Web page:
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The Water Project: Masukutse Community 2 -  Carrying Water
The Water Project: Masukutse Community 2 -  Carrying Water
The Water Project: Masukutse Community 2 -  Carrying Water
The Water Project: Masukutse Community 2 -  Everyone Has Water
The Water Project: Masukutse Community 2 -  Fetching Water
The Water Project: Masukutse Community 2 -  For You
The Water Project: Masukutse Community 2 -  Happy Community
The Water Project: Masukutse Community 2 -  Have Some
The Water Project: Masukutse Community 2 -  Water Splashing
The Water Project: Masukutse Community 2 -  At The Spring
The Water Project: Masukutse Community 2 -  Carrying Water
The Water Project: Masukutse Community 2 -  Carrying Water
The Water Project: Masukutse Community 2 -  Carrying Water
The Water Project: Masukutse Community 2 -  Carrying Water
The Water Project: Masukutse Community 2 -  Carrying Water
The Water Project: Masukutse Community 2 -  Carrying Water
The Water Project: Masukutse Community 2 -  Collecting Water
The Water Project: Masukutse Community 2 -  Fetching Water
The Water Project: Masukutse Community 2 -  Fetching Water
The Water Project: Masukutse Community 2 -  Fetching Water
The Water Project: Masukutse Community 2 -  Fetching Water
The Water Project: Masukutse Community 2 -  Fetching Water
The Water Project: Masukutse Community 2 -  Happy Community
The Water Project: Masukutse Community 2 -  Headed To Fetch Water
The Water Project: Masukutse Community 2 -  Water Joy
The Water Project: Masukutse Community 2 -  Water Joy
The Water Project: Masukutse Community 2 -  James M
The Water Project: Masukutse Community 2 -  James M
The Water Project: Masukutse Community 2 -  Susan Naliaka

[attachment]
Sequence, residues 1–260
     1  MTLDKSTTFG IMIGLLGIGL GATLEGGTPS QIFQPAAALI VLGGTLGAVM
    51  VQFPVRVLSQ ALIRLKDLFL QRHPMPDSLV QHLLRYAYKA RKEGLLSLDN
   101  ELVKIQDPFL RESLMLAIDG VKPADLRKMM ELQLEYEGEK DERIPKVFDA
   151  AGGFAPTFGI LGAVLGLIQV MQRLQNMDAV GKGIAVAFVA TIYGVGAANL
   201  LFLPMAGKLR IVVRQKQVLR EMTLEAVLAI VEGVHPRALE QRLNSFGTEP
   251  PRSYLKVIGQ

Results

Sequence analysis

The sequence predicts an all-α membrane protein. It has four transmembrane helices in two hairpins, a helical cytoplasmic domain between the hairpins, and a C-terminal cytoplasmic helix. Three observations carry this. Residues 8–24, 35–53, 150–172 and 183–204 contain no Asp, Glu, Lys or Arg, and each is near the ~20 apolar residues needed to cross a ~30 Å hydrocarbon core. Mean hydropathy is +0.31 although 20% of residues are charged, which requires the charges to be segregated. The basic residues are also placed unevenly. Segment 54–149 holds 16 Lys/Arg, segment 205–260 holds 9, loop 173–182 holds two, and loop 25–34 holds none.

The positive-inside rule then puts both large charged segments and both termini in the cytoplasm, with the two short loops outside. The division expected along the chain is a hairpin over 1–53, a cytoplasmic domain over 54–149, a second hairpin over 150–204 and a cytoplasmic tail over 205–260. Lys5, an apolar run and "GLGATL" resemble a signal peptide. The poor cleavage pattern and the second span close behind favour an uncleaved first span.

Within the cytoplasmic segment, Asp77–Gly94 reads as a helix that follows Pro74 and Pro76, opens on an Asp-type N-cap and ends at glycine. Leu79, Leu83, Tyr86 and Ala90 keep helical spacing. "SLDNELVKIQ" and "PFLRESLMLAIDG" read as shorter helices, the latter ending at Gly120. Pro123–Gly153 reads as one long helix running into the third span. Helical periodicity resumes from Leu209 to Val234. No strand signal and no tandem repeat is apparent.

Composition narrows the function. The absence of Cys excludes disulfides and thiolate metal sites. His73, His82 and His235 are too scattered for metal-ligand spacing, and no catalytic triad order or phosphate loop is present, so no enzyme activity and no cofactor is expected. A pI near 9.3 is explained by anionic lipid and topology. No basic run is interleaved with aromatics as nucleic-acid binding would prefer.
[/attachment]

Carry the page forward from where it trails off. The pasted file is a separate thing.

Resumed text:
The Water Project: Masukutse Community 2 -  Susan Naliaka
The Water Project: Masukutse Community 2 -  Site Measurement
The Water Project: Masukutse Community 2 -  Excavation
The Water Project: Masukutse Community 2 -  Excavation
The Water Project: Masukutse Community 2 -  Slab Setting With Black Plastic
The Water Project: Masukutse Community 2 -  Slab Setting With Concrete Mix
The Water Project: Masukutse Community 2 -  Slab Setting With Wire
The Water Project: Masukutse Community 2 -  Slab Measurement
The Water Project: Masukutse Community 2 -  Brick Setting
The Water Project: Masukutse Community 2 -  Wall Construction
The Water Project: Masukutse Community 2 -  Wall Construction
The Water Project: Masukutse Community 2 -  Discharge Pipe Setting
The Water Project: Masukutse Community 2 -  Stair Construction
The Water Project: Masukutse Community 2 -  Stone Pitching
The Water Project: Masukutse Community 2 -  Stone Pitching
The Water Project: Masukutse Community 2 -  Inside Plastering
The Water Project: Masukutse Community 2 -  Inside Plastering
The Water Project: Masukutse Community 2 -  Outside Plastering
The Water Project: Masukutse Community 2 -  Floor Plastering
The Water Project: Masukutse Community 2 -  Tile Setting
The Water Project: Masukutse Community 2 -  Plaque Inscription
The Water Project: Masukutse Community 2 -  Backfilling With Clay Soil
The Water Project: Masukutse Community 2 -  Backfiling With Black Plastic
The Water Project: Masukutse Community 2 -  Backfiling With Soil Cover
The Water Project: Masukutse Community 2 -  Grass Planting
The Water Project: Masukutse Community 2 -  Fencing With Barbed Wire
The Water Project: Masukutse Community 2 -  Fencing With Chain Link